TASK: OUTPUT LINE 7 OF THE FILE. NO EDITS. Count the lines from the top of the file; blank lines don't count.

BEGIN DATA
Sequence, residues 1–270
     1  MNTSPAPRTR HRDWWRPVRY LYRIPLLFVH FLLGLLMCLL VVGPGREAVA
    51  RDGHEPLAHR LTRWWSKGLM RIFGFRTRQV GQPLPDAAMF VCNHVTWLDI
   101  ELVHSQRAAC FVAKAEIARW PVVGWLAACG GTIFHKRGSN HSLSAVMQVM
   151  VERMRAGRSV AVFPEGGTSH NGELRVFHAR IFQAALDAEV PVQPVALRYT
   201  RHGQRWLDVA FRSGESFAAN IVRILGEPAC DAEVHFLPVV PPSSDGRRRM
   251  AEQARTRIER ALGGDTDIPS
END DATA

   251  AEQARTRIER ALGGDTDIPS